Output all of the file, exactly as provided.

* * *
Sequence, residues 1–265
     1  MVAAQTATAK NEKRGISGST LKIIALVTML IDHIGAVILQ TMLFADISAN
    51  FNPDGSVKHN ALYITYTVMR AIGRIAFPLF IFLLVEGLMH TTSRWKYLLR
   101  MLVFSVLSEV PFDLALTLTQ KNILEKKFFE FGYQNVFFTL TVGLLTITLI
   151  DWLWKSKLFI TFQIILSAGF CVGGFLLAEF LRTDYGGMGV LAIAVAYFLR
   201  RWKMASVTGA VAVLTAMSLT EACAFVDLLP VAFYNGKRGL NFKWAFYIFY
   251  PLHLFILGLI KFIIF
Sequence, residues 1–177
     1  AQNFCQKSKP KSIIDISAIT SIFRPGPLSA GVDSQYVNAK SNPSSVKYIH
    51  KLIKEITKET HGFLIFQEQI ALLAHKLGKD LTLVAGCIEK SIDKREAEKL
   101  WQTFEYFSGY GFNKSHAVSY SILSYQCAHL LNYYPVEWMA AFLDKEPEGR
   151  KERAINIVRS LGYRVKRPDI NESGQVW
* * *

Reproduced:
Sequence, residues 1–265
     1  MVAAQTATAK NEKRGISGST LKIIALVTML IDHIGAVILQ TMLFADISAN
    51  FNPDGSVKHN ALYITYTVMR AIGRIAFPLF IFLLVEGLMH TTSRWKYLLR
   101  MLVFSVLSEV PFDLALTLTQ KNILEKKFFE FGYQNVFFTL TVGLLTITLI
   151  DWLWKSKLFI TFQIILSAGF CVGGFLLAEF LRTDYGGMGV LAIAVAYFLR
   201  RWKMASVTGA VAVLTAMSLT EACAFVDLLP VAFYNGKRGL NFKWAFYIFY
   251  PLHLFILGLI KFIIF
Sequence, residues 1–177
     1  AQNFCQKSKP KSIIDISAIT SIFRPGPLSA GVDSQYVNAK SNPSSVKYIH
    51  KLIKEITKET HGFLIFQEQI ALLAHKLGKD LTLVAGCIEK SIDKREAEKL
   101  WQTFEYFSGY GFNKSHAVSY SILSYQCAHL LNYYPVEWMA AFLDKEPEGR
   151  KERAINIVRS LGYRVKRPDI NESGQVW